Speaking fluently for work and life…

July 27, 2011 by 4 Comments
Humps in the road

Humps in the road

Many people live and work in a foreign language environment daily for years and never learn much more than the very basic words in the language.  I know, I have met many such people.  Then there some of us would like to also learn a language with which we have no direct contact.

How do you break into that other language community?

There are three main scenarios here for the would-be-language-learner:

1.  You speak one language at work but live in a community where another language is spoken, which you cannot speak well or at all

2. You work or live in a bilingual or multilingual environment and there is a language you want to learn

3. You have no or limited exposure to the language you want to learn

The old speech about people being flattered if you show an interest in learning their language is true in most circumstances.  Build on this positivity.

There is normally no rush to learn a language.  It is not a race.  In fact, most people I have met/seen who learn languages quickly tend to forget them just as quickly.  Why is this?

Languages need a bedding down period to really sink in!  

OK, so here are some practical steps to take to pick up and practice the language you want to learn.  Try out what you feels comfortable for you and adapt them to suit your needs.

1.  Make time.  Don’t be scared if you miss a day or can’t move forward because a point in the language is still unclear or not fully committed to memory.  Many of us get that feeling of “I am just too tired, I can’t be bothered, it’s too hard or what’s the point?  I feel like I am just treading water”.  You need to break through those negative feelings.  If you really are not in the mood, just revising old material for ten minutes a day is better than having huge gaps in your studies.  You could even just listen to something you know, if you are really pushed for time.  This is particularly important at the beginning of your studies.

Bilingual sign at shop in Wales

Bilingual sign at shop in Wales

2.  Think about the language or in the language, if you can.  This is as simple as thinking about what you can say in a language: naming objects you see during the day, trying to remember phrases, dialogues, texts and words.  Use mental hooks to remember things, associate words and phrases to things you find memorable.  Do whatever you need to do to make the words and phrases memorable.

3.  Involve people in your learning.  Use it with those around you and ask about things you want to know or to understand better.  In an office you could practice the basic phrases each day then build up to ask a speaker of the language to join you at coffee or lunch break.  Talk about what you like, dislike or anything that you feel confident saying.

4.  If you live in a place where the language is spoken, go shopping for things (even if you don’t need them – no purchase necessary!) in town just to see the signs, labels or even ask for items to practice the words and structures.  You can prepare for this before you leave the house.  Check out translations, like this bilingual one in Wales.  Think of related words too.  For example, “glo” is “coal”, but “pwll glo” is “coal mine” and “pwll” is a “pool” and is used to make “pwll nofio” which is a “swimming pool”.   Think of how words change in different sentences, depending on how they are used.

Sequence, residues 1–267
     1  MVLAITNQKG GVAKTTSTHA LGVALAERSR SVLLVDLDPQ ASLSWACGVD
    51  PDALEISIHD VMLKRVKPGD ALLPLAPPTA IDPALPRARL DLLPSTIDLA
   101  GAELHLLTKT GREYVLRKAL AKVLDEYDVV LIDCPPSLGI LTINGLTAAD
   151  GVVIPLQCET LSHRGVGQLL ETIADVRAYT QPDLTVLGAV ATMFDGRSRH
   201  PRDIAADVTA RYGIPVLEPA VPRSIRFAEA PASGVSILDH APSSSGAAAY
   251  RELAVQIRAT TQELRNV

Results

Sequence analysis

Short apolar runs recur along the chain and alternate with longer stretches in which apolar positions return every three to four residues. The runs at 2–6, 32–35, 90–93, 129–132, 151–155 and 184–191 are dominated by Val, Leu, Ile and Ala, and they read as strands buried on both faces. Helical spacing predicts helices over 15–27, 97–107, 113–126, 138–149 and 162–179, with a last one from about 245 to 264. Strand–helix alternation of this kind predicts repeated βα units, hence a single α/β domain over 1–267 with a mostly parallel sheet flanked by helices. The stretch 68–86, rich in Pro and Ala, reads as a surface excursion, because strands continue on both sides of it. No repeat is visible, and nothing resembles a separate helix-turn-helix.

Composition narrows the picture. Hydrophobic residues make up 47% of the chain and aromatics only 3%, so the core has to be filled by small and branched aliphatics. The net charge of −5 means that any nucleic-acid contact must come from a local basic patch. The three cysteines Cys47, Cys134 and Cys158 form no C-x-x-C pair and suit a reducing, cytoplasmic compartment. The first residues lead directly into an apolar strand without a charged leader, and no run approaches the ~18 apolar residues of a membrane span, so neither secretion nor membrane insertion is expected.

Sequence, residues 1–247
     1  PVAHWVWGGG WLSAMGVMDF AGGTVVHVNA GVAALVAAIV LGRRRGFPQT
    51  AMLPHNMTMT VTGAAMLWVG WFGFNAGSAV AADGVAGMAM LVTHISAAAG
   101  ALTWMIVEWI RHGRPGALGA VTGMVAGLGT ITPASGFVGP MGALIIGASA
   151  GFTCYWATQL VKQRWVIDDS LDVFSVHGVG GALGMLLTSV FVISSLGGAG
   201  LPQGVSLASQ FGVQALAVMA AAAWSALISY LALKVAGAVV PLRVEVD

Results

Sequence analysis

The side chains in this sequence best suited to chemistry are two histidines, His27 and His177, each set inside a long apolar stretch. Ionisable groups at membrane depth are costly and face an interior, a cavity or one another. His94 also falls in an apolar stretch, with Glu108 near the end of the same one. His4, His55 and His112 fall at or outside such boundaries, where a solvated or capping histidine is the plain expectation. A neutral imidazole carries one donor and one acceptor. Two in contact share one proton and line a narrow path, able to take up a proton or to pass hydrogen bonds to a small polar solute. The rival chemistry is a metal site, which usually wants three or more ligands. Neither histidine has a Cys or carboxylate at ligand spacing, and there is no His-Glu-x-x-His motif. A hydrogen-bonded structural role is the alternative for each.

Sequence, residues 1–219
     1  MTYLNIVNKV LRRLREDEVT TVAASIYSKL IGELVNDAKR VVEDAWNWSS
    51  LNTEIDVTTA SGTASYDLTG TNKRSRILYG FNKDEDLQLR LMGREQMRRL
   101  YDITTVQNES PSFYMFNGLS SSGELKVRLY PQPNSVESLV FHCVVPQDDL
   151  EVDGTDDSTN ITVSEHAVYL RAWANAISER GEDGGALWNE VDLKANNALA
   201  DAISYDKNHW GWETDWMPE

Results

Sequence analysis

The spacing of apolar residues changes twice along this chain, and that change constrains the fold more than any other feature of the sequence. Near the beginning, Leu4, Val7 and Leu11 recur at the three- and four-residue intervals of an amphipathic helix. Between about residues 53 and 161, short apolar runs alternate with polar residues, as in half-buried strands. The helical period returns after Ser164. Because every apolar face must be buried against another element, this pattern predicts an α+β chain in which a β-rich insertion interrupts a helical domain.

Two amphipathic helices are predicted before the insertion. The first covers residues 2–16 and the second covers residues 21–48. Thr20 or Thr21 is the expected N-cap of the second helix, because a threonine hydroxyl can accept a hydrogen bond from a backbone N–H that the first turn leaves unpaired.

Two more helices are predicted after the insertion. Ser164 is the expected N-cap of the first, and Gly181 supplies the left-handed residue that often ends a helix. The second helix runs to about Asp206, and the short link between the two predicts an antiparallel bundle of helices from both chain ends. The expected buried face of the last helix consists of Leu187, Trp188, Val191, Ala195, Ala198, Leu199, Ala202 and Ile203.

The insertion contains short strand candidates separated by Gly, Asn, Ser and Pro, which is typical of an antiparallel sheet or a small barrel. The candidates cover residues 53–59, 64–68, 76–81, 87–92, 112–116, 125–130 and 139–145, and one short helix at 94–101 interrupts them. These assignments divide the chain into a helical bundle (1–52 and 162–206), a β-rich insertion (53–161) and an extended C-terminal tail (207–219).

5.  Go to places where new vocabulary will present itself to you, like the zoo or theatre or anywhere else you might not usually go.  Revise vocabulary and sentences you might need beforehand.

6.  If you are in a place for long enough, join a club, group or sign up for a course in something that interests you.  I have done this a lot myself, including salsa lessons in Czech, a Greek course in Dutch and an Albanian course in Macedonian.   You may sign up for a course or language group in the language you want to learn too.

Using language to communicate

We use language to communicate and this is what you need to have in mind when you are learning.  It sounds obvious, but it is easy to forget that in the beginning if you get bogged down in too much detail.  Don’t forget why you are learning it.  It is important to keep you motivated.

Rambling in Wales - bilingual signs

Rambling in Wales - bilingual signs

There is a reason why most language books teach you to talk about the weather, asking for directions etc.  We use these topics in our daily life in conversation with other people.  We can use them to build friendships.  These things are key, so try to practice them as much as possible.  This will build up your confidence, even if it does sometimes seem boring.

If you are not in a place where you can use the language, then you can do a lot of this online.  You can chat to people on Skype or via SharedTalk and write on forums that interest you.  You might meet also natives learning your language on busuu.com or livemocha.com.

You are not on your own in finding it tough to break through those language learning pain barriers.  Keep your goals small to build up your level.  This helps to keep your focused.  Saying, “I am learning X language” is a lot different to saying, “I am studying about how to talk about the weather today”.